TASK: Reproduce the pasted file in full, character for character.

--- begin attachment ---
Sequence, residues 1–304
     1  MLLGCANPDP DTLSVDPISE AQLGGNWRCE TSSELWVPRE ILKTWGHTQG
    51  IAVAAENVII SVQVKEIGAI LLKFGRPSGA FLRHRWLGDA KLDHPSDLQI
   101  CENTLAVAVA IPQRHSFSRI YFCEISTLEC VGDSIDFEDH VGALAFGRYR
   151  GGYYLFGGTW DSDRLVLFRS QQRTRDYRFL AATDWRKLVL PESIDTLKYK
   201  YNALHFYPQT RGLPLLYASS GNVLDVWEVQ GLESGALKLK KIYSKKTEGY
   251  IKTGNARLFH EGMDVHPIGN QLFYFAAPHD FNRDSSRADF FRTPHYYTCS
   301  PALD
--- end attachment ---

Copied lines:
Sequence, residues 1–304
     1  MLLGCANPDP DTLSVDPISE AQLGGNWRCE TSSELWVPRE ILKTWGHTQG
    51  IAVAAENVII SVQVKEIGAI LLKFGRPSGA FLRHRWLGDA KLDHPSDLQI
   101  CENTLAVAVA IPQRHSFSRI YFCEISTLEC VGDSIDFEDH VGALAFGRYR
   151  GGYYLFGGTW DSDRLVLFRS QQRTRDYRFL AATDWRKLVL PESIDTLKYK
   201  YNALHFYPQT RGLPLLYASS GNVLDVWEVQ GLESGALKLK KIYSKKTEGY
   251  IKTGNARLFH EGMDVHPIGN QLFYFAAPHD FNRDSSRADF FRTPHYYTCS
   301  PALD